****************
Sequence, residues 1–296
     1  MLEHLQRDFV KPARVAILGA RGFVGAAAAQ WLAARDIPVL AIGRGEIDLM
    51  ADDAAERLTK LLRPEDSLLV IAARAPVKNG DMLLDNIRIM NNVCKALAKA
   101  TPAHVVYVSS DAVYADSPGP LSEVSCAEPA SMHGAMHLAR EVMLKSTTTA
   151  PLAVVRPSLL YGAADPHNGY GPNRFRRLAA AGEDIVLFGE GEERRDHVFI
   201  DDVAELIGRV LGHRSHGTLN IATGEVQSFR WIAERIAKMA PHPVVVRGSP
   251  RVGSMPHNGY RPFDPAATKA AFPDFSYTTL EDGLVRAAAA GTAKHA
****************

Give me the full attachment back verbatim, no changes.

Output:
Sequence, residues 1–296
     1  MLEHLQRDFV KPARVAILGA RGFVGAAAAQ WLAARDIPVL AIGRGEIDLM
    51  ADDAAERLTK LLRPEDSLLV IAARAPVKNG DMLLDNIRIM NNVCKALAKA
   101  TPAHVVYVSS DAVYADSPGP LSEVSCAEPA SMHGAMHLAR EVMLKSTTTA
   151  PLAVVRPSLL YGAADPHNGY GPNRFRRLAA AGEDIVLFGE GEERRDHVFI
   201  DDVAELIGRV LGHRSHGTLN IATGEVQSFR WIAERIAKMA PHPVVVRGSP
   251  RVGSMPHNGY RPFDPAATKA AFPDFSYTTL EDGLVRAAAA GTAKHA